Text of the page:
By JEFF JOLLEY , MDNR Fisheries Manager
It’s springtime in Michigan, and cars, trucks and semis race toward Bay City and points north and south from Flint to metro Detroit. Some of those drivers might be heading to sunny shores and boat launches along Lake Huron.
If you find yourself as a passenger in a car traveling over the Zilwaukee Bridge on I-75, which rises over 100 feet above the Saginaw River, look at the surrounding landscape of eastern Michigan. If time allows, look closer. You will see some domed industrial buildings, and mountains of gravel and stone. There might also be some freighters and barges, as well as some smaller boats cruising the river’s mocha-colored water.
If it were possible, an even closer, deeper dive into the water would reveal a multitude of goldish-brown fish forming a ribbon in the distance. Any rays of sunlight able to penetrate the flocculence of the water reflect white off many pairs of fish eyes. It is the mighty walleye, cherished by many as the king fish of the Midwest. They are aptly named for the membrane over their eyes, in Latin called the tapetum lucidum, which reflects and focuses light.
Walleye are formidable visual predators in low light conditions. And there are millions of them. They come from Saginaw Bay and farther, from Thunder Bay, from Ontario, from southern Lake Huron. They have come for their annual migration to spawning grounds in the arteries of the Saginaw watershed – the Flint, Cass, Shiawassee and Tittabawassee rivers.
Predators of walleye
What nature giveth, nature taketh away. In the early 20th century, over 1 million pounds of walleye was annually harvested from Saginaw Bay. Then along came the alewife in the 1920s – it was a blessing and a curse.
Alewife invaded the Great Lakes when the Welland Canal opened so ships from the interior Great Lakes could bypass Niagara Falls and get to the Saint Lawrence River, the Atlantic Ocean and beyond. That also opened the door for fishes to swim in and colonize this new habitat.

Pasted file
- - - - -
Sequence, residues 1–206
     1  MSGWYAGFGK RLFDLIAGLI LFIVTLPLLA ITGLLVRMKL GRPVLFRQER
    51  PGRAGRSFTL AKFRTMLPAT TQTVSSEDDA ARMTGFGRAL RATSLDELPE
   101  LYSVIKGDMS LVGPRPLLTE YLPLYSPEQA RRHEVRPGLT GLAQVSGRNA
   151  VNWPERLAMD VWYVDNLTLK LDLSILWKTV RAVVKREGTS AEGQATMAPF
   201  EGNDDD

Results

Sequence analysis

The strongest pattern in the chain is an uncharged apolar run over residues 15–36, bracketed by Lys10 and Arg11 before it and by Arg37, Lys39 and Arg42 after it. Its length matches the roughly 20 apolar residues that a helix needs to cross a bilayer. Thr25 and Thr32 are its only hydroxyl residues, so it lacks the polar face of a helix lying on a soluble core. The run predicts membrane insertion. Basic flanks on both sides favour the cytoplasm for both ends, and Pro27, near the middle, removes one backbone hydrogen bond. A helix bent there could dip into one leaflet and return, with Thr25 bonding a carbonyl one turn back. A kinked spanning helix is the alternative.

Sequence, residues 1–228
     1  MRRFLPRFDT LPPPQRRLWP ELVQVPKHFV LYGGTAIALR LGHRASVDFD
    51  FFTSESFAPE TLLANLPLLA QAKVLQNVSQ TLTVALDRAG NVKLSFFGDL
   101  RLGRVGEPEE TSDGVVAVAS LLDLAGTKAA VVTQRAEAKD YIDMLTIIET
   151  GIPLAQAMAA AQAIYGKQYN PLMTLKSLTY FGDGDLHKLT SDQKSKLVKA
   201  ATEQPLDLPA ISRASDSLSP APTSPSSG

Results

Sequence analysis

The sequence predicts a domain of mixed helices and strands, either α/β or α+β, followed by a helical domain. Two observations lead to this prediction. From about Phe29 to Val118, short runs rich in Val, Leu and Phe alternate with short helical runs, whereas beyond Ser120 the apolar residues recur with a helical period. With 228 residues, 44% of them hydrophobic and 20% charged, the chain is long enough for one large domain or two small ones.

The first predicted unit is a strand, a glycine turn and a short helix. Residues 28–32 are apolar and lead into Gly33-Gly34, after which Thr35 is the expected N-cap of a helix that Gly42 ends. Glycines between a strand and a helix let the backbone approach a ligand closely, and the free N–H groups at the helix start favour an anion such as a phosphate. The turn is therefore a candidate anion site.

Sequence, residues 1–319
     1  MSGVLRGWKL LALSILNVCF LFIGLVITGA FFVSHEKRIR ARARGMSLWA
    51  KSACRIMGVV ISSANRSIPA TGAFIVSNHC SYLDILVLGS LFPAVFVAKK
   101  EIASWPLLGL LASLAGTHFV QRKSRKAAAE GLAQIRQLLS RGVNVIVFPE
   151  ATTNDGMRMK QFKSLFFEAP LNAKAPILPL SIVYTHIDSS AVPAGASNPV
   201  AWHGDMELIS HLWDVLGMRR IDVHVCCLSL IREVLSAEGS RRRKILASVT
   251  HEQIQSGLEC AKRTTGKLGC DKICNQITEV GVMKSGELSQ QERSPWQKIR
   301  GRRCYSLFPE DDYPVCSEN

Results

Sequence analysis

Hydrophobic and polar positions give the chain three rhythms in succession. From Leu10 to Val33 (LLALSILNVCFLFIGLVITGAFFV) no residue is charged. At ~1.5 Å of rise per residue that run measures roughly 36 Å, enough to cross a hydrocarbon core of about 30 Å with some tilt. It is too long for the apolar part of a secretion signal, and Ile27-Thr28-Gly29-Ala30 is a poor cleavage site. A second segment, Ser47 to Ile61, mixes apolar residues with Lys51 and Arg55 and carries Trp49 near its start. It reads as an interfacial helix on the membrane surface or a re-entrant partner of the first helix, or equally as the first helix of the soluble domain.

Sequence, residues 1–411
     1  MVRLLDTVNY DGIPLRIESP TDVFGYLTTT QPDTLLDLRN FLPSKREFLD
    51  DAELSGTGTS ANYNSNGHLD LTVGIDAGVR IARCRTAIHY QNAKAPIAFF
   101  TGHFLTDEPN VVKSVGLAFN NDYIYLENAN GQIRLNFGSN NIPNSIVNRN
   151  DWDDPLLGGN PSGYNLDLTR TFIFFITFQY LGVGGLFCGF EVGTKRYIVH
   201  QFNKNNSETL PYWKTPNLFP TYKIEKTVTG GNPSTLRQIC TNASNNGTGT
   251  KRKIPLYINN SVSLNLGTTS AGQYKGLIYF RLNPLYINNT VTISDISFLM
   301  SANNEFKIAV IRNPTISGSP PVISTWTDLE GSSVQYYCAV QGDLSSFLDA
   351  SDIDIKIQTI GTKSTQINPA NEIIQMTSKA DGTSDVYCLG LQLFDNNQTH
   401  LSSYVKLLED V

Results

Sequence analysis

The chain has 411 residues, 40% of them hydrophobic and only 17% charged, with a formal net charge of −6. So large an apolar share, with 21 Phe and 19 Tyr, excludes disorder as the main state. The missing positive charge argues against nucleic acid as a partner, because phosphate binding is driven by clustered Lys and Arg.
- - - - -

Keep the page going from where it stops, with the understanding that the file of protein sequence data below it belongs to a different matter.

Alewife fell in love with the Great Lakes, and we fell in love with the alewife. Here was the perfect fish food for the Chinook salmon, the new favorite hard-fighting, fast-growing and delicious-tasting focus of the sport fishery of the Great Lakes.
But the curse was that alewife eats baby walleye, and they eat all the things that baby walleye eat. A population explosion of alewife, along with a myriad of other factors, including overfishing and pollution, nearly drove the walleye to extinction.
But new players entered the story, namely zebra mussels and quagga mussels, and fundamentally changed the structure of the food web. These new mussels became the new stationary Roomba of the Great Lakes, and the power was always on. They are incredible at doing their job, which is filtering plankton from the water.
There is an adage among fishery scientists that might apply here: “He who eats the smallest thing, wins.” The alewife lost the food battle with the new mussels, and their population numbers plummeted. Another invader, the round goby, then entered the scene and has become a good alternate prey source for walleye.
Stocking walleye in Saginaw Bay
Attentive fisheries managers had been stocking many walleye into the bay to keep the population on life support over the years in the face of the massive alewife effects. The virtual disappearance of the alewife was what the walleye needed to survive. With their population rebounding, there are more than 5 million adult walleye in Saginaw Bay today, providing tremendous fishing opportunities.